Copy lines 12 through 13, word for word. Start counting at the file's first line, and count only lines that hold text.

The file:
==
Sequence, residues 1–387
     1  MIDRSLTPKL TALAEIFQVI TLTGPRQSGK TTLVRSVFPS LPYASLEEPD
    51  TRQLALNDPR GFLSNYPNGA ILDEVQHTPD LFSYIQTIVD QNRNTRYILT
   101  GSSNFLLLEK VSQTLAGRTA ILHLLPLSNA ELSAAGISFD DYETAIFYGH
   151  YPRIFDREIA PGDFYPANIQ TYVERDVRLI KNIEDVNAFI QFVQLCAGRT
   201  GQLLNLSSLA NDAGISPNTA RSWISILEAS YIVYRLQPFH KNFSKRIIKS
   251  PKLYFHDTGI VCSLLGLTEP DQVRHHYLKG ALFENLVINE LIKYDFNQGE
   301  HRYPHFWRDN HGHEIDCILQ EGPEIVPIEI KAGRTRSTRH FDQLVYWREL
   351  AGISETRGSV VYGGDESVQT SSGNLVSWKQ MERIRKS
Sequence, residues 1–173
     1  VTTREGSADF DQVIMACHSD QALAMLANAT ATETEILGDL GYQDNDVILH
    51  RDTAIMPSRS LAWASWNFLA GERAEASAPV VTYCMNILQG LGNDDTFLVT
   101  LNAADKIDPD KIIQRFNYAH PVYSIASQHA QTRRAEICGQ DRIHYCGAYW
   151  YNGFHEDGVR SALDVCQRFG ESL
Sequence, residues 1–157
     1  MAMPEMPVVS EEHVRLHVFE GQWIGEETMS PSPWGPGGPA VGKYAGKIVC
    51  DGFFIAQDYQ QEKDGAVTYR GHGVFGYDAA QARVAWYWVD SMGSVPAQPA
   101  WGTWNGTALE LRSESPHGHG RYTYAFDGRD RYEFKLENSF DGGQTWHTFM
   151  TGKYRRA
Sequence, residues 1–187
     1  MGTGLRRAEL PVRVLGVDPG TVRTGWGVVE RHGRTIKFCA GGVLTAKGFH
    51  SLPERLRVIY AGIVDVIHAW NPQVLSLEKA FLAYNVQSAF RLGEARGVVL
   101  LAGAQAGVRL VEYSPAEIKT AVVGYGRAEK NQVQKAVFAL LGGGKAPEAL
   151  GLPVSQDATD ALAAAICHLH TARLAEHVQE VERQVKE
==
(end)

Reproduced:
    51  RDTAIMPSRS LAWASWNFLA GERAEASAPV VTYCMNILQG LGNDDTFLVT
   101  LNAADKIDPD KIIQRFNYAH PVYSIASQHA QTRRAEICGQ DRIHYCGAYW